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Reply #201 on: August 24, 2008, 01:04:21 PM

I loathe DRM but in the aggregate, customers don't really care about DRM or "free as in speech, not in beer", they just want things to work with a minimum of effort — "Don't Make Me Think!"… …and they get angry when DRM blocks you from using something you purchased money for…

I feel like I should hate DRM on ideological grounds, but I find that practically speaking I only hate it when it gets in my way. 

The iTunes store, for example, I don't like because I can't play their freaky-deaky content on non-Apple software/hardware (unless I pay an extra 60% premium for the non-DRM high quality version), and I need to keep my own backups of whatever I download from them because they can't be bothered to record my purchases and let me re-download them.  Also, I have to burn the music to disc before I can play it in the car, which is where I do most of my music listening; this isn't the DRM's fault, but it means that I get less value for my money if I buy from the iTunes store compared with buying a CD (which I can then very easily rip into iTunes or any other MP3 player at any quality I like with no DRM).  The only plus of the store is having everything pre-tagged, but free solutions are catching up in that regard.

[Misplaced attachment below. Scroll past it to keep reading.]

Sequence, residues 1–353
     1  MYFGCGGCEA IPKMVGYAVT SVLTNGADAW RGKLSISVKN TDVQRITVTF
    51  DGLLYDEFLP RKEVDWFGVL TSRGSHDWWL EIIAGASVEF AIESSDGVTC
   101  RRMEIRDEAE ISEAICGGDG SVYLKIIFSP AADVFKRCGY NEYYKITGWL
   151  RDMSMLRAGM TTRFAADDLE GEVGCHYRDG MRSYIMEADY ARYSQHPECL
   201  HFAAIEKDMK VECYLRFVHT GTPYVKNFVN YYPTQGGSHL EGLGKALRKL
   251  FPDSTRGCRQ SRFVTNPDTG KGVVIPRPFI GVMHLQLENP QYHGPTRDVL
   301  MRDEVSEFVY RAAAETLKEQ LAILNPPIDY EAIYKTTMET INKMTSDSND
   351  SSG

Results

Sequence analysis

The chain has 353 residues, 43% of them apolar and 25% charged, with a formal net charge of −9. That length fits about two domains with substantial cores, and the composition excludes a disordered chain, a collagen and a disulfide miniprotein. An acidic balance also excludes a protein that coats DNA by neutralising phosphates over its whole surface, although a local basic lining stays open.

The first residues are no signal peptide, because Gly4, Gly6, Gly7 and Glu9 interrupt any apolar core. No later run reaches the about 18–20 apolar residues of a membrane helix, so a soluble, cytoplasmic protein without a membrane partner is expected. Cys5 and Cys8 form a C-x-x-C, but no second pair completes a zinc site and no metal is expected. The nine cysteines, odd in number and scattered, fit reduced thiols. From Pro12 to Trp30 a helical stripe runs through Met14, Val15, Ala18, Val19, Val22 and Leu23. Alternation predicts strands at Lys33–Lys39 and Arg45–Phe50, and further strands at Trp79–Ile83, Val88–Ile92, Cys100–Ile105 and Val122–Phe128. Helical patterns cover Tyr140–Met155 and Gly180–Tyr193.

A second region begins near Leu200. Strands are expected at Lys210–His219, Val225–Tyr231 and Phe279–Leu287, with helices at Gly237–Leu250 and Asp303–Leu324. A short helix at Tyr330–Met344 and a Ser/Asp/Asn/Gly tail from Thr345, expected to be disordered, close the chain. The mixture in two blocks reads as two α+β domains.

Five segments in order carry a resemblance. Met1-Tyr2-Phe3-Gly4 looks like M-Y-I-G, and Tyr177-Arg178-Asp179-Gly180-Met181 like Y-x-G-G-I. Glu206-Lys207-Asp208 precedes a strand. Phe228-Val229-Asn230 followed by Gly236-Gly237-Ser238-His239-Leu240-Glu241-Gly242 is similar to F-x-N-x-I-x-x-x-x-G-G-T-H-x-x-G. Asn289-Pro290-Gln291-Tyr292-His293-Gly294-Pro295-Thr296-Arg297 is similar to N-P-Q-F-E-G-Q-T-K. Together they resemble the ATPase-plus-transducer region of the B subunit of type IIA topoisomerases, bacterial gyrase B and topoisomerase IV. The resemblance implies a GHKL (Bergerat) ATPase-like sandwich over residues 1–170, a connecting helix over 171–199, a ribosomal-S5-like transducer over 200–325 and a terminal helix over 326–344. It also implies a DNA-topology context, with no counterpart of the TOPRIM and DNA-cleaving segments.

Steam I like because it's never once stopped me from playing a game I paid for, and installing/re-installing via Steam is much more pleasant than using discs, so I feel like I actually get more value for my money (and Steam-purchased games tend to be a little cheaper to boot).  The fact that when I built my last computer I could get most of my games installed just by installing Steam and letting everything download overnight as opposed to swapping about 30 CDs for the same period of time was a big win.  There's also added value in the form of the in-game chat, "Join this Game" friend features, etc., so it's not like having Steam itself installed is any sort of burden.  Oh, and unlike iTunes it doesn't persistently try to bring its friends along for the ride.